timbop

Well-Known Member
First Name
Tim
Joined
Jan 3, 2020
Messages
4,776
Reaction score
9,622
Location
New Jersey
Vehicles
2021 Mustang Mach-E (CA RT1), 2016 Dodge Durango
Occupation
Software Engineer
Country flag
Ok, I guess.???

But I am trying to ascertain how many batteries you can build with a 60 GWh capacity, assuming they are a 100 KWh battery? The MME has an 88 KWh battery.
OK, I was not seeing exactly where you are going. The ER MME has a 99 kwh battery, so we'll call it 100kwh for arguments sake. That means 1 battery is 100,000 wh.

So, yes:
60,000,000,000 wh / 100,000 wh/battery = 600,000 batteries
 

RW Journey

Well-Known Member
Joined
Mar 15, 2021
Messages
104
Reaction score
113
Location
Dallas
Vehicles
2021 Ford MME FE
Country flag
Ok, I guess.???

But I am trying to ascertain how many batteries you can build with a 60 GWh capacity, assuming they are a 100 KWh battery? The MME has an 88 KWh battery.
I believe the MME has closer to a 100kWh battery (98.8 kWh) with the amount above 88 kWh being reserved.

The Lightning is close to double the MME.

60 GWh is a reasonable start but additional capabilities will be needed if BEVs achieve mass adoption.
 

dbsb3233

Well-Known Member
First Name
Tim
Joined
Dec 30, 2019
Messages
6,494
Reaction score
7,119
Location
Colorado, USA
Vehicles
2021 Mustang Mach-E FE Red, 2013 Escape Titanium
Occupation
Retired
Country flag
Assuming 100 KWh batteries, does that get a final # of 600,000 batteries a year, from their joint plants, by 2025?

Does that seem like enough?
600k BEVs sounds about right for 2025. Note that the article said 4x that by 2030. With 5M-6M annual vehicle sales, that puts Ford at about 10% BEV in 2025 and 40% in 2030. The 2nd half of the decade is where the bigger shift is likely to occur.

That doesn't count hybrids either. That will add to the total EV count (depending on who's EV definition is being used).

2025 isn't that far away. Takes a good 3+ years to develop a new vehicle model (Mach-E development started in 2017). Basically we're talking deciding by next year what BEVs they to plan to have ready for 2025. That's the Mach-E, the eTransit, and the Lightning version of the F-150 (which will only be a modest% of all F-150's). Rumors suggest a few new BEV models adding to that in the next few years (maybe an Edge-size SUV, maybe a Mach-E coup, maybe a sedan, maybe a small truck). 600k/yr total for all those sounds reasonable.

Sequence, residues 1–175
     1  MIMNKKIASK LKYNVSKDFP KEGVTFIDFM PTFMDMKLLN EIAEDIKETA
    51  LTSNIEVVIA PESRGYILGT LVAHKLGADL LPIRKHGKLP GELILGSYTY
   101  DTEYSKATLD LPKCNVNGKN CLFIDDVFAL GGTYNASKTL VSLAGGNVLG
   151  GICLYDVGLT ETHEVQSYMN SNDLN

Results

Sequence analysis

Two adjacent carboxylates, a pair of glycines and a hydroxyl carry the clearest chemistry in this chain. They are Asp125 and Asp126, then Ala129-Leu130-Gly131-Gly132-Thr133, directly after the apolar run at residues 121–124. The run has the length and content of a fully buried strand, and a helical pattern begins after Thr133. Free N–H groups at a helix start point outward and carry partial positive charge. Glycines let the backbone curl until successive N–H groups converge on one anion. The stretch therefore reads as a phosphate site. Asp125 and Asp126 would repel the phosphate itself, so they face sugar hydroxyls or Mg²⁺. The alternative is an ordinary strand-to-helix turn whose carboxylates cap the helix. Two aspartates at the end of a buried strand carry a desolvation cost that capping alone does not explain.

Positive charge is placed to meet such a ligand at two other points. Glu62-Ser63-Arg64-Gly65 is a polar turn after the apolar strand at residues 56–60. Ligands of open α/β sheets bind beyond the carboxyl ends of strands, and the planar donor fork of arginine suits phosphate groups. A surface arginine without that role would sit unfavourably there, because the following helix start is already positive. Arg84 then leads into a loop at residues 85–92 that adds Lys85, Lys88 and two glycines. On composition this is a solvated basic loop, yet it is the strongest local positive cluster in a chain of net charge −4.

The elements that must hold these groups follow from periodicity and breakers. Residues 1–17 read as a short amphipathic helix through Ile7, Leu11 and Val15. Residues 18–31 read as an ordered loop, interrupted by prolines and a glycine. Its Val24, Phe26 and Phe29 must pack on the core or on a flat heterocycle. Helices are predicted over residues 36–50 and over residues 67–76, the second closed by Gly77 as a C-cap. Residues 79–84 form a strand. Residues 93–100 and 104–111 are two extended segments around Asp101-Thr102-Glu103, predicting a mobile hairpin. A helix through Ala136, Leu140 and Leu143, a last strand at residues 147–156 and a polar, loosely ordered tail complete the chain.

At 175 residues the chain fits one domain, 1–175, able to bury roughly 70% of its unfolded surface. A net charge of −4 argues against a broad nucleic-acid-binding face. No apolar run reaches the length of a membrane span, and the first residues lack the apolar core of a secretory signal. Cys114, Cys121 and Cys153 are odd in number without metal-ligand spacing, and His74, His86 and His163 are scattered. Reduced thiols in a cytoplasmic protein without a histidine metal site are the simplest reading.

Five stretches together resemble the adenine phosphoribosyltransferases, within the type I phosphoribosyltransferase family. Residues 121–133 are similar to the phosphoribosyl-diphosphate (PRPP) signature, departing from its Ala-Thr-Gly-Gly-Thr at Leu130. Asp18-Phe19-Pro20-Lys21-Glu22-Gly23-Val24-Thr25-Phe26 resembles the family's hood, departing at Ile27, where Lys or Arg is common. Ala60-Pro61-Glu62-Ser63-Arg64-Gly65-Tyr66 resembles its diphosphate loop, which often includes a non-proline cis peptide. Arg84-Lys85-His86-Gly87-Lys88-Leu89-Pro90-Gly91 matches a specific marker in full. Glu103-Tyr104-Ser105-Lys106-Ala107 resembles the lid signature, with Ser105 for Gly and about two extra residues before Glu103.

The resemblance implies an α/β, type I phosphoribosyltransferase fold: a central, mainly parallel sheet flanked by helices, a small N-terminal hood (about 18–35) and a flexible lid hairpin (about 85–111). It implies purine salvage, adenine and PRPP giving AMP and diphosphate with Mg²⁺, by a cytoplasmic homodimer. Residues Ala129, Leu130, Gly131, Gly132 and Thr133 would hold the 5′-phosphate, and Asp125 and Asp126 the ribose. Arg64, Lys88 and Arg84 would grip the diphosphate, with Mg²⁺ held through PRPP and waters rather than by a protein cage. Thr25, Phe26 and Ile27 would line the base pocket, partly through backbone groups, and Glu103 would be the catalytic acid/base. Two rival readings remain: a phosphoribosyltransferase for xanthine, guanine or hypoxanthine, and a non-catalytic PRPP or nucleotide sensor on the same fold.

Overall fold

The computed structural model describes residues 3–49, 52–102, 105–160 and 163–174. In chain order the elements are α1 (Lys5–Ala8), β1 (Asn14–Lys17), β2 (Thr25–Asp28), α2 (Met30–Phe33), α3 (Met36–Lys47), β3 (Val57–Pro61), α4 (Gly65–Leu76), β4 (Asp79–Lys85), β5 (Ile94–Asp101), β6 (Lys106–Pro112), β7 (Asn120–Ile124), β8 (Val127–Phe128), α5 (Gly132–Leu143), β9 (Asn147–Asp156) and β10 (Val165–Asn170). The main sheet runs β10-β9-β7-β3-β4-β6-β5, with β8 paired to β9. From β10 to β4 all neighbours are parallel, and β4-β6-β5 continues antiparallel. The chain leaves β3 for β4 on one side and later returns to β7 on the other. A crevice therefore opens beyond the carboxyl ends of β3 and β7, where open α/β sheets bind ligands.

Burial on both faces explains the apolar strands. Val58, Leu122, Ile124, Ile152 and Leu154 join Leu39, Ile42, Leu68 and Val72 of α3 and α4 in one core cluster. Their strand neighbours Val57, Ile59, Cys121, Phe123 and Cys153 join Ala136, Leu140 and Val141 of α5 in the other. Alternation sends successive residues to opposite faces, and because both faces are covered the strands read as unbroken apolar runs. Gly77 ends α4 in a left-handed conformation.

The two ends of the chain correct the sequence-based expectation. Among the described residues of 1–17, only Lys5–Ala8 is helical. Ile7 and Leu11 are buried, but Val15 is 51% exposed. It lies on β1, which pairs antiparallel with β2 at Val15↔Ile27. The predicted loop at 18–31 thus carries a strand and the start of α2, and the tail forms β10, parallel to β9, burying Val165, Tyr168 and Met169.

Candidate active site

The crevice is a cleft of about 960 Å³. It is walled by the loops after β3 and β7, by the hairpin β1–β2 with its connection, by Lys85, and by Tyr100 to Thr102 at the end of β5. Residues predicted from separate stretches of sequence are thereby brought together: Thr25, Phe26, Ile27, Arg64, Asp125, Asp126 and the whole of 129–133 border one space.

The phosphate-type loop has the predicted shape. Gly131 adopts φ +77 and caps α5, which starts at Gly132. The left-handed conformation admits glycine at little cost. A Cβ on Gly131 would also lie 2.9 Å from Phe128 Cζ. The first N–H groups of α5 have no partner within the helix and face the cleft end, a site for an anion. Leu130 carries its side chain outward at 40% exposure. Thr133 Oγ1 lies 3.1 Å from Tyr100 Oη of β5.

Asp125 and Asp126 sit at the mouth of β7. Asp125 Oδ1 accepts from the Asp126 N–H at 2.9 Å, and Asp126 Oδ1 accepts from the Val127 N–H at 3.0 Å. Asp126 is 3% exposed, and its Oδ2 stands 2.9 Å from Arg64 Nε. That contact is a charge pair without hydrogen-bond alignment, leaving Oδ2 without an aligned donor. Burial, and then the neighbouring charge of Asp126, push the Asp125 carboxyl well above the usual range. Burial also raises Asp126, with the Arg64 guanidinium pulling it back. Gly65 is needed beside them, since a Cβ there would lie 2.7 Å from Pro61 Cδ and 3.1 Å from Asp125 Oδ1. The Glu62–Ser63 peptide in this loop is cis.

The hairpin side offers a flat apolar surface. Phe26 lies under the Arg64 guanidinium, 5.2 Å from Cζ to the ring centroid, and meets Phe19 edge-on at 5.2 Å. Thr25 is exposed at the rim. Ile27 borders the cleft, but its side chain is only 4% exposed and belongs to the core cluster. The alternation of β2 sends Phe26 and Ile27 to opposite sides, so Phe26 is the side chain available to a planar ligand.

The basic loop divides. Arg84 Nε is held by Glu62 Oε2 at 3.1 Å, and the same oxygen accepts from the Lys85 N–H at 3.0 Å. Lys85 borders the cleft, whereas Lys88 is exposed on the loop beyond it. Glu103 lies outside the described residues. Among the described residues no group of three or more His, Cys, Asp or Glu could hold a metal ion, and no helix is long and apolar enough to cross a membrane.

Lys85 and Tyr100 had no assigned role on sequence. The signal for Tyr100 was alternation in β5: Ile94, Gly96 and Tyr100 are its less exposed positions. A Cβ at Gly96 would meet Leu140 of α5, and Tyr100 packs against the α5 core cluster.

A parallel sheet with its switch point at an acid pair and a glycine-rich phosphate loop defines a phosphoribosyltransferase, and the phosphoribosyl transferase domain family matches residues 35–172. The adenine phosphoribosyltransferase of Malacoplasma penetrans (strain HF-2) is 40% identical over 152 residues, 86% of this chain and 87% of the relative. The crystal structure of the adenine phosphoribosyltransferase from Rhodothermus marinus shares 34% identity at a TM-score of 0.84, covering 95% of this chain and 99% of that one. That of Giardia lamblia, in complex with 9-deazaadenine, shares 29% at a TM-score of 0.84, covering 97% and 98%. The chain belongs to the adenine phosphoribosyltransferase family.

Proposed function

jeffdawgfan

Well-Known Member
First Name
Jeff
Joined
Dec 17, 2019
Messages
292
Reaction score
444
Location
Georgia, USA
Vehicles
2021 Mustang MachE AWD ER, 2019 Ram 1500 Laramie
Occupation
Retired Navy / Veterans Administration
Country flag
Ok, since on the subject of batteries...trying to wrap my head around something maybe someone with electrical expertise can enlighten me. Say you have...lets just use 12v batteries for an example. If you have (4) 12v 100 amp batteries in parallel you have 400 amps at 12 volts. What happens if you put those (4) 100 amp batteries in series. You get 48 volts but....100amps or 400 amps at 48 volts. Trying to get an idea of how they manufacture the high voltage batteries for BEV's.
 

dbsb3233

Well-Known Member
First Name
Tim
Joined
Dec 30, 2019
Messages
6,494
Reaction score
7,119
Location
Colorado, USA
Vehicles
2021 Mustang Mach-E FE Red, 2013 Escape Titanium
Occupation
Retired
Country flag
Ok, since on the subject of batteries...trying to wrap my head around something maybe someone with electrical expertise can enlighten me. Say you have...lets just use 12v batteries for an example. If you have (4) 12v 100 amp batteries in parallel you have 400 amps at 12 volts. What happens if you put those (4) 100 amp batteries in series. You get 48 volts but....100amps or 400 amps at 48 volts. Trying to get an idea of how they manufacture the high voltage batteries for BEV's.